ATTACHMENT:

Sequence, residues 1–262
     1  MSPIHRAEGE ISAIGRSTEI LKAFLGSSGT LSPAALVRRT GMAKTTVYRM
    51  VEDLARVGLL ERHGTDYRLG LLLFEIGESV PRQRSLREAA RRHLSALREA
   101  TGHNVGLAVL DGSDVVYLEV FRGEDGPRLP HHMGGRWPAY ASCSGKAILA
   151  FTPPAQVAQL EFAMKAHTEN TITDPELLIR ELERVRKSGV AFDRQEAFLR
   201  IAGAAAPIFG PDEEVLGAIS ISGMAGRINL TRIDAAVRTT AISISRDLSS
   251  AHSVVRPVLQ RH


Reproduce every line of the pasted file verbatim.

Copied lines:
Sequence, residues 1–262
     1  MSPIHRAEGE ISAIGRSTEI LKAFLGSSGT LSPAALVRRT GMAKTTVYRM
    51  VEDLARVGLL ERHGTDYRLG LLLFEIGESV PRQRSLREAA RRHLSALREA
   101  TGHNVGLAVL DGSDVVYLEV FRGEDGPRLP HHMGGRWPAY ASCSGKAILA
   151  FTPPAQVAQL EFAMKAHTEN TITDPELLIR ELERVRKSGV AFDRQEAFLR
   201  IAGAAAPIFG PDEEVLGAIS ISGMAGRINL TRIDAAVRTT AISISRDLSS
   251  AHSVVRPVLQ RH